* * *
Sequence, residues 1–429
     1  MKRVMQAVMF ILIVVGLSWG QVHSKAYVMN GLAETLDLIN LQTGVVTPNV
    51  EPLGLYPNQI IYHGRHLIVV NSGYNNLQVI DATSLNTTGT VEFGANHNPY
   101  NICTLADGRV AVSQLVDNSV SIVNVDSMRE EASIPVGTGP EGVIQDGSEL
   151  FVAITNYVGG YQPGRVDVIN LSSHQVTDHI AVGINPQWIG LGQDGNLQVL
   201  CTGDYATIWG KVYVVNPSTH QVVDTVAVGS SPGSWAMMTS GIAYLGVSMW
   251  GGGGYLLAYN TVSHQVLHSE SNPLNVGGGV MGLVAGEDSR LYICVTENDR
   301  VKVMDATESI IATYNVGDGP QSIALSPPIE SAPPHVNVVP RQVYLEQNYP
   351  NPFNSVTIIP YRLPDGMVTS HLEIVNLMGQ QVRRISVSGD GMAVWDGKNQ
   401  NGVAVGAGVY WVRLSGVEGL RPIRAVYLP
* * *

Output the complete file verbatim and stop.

Sequence, residues 1–429
     1  MKRVMQAVMF ILIVVGLSWG QVHSKAYVMN GLAETLDLIN LQTGVVTPNV
    51  EPLGLYPNQI IYHGRHLIVV NSGYNNLQVI DATSLNTTGT VEFGANHNPY
   101  NICTLADGRV AVSQLVDNSV SIVNVDSMRE EASIPVGTGP EGVIQDGSEL
   151  FVAITNYVGG YQPGRVDVIN LSSHQVTDHI AVGINPQWIG LGQDGNLQVL
   201  CTGDYATIWG KVYVVNPSTH QVVDTVAVGS SPGSWAMMTS GIAYLGVSMW
   251  GGGGYLLAYN TVSHQVLHSE SNPLNVGGGV MGLVAGEDSR LYICVTENDR
   301  VKVMDATESI IATYNVGDGP QSIALSPPIE SAPPHVNVVP RQVYLEQNYP
   351  NPFNSVTIIP YRLPDGMVTS HLEIVNLMGQ QVRRISVSGD GMAVWDGKNQ
   401  NGVAVGAGVY WVRLSGVEGL RPIRAVYLP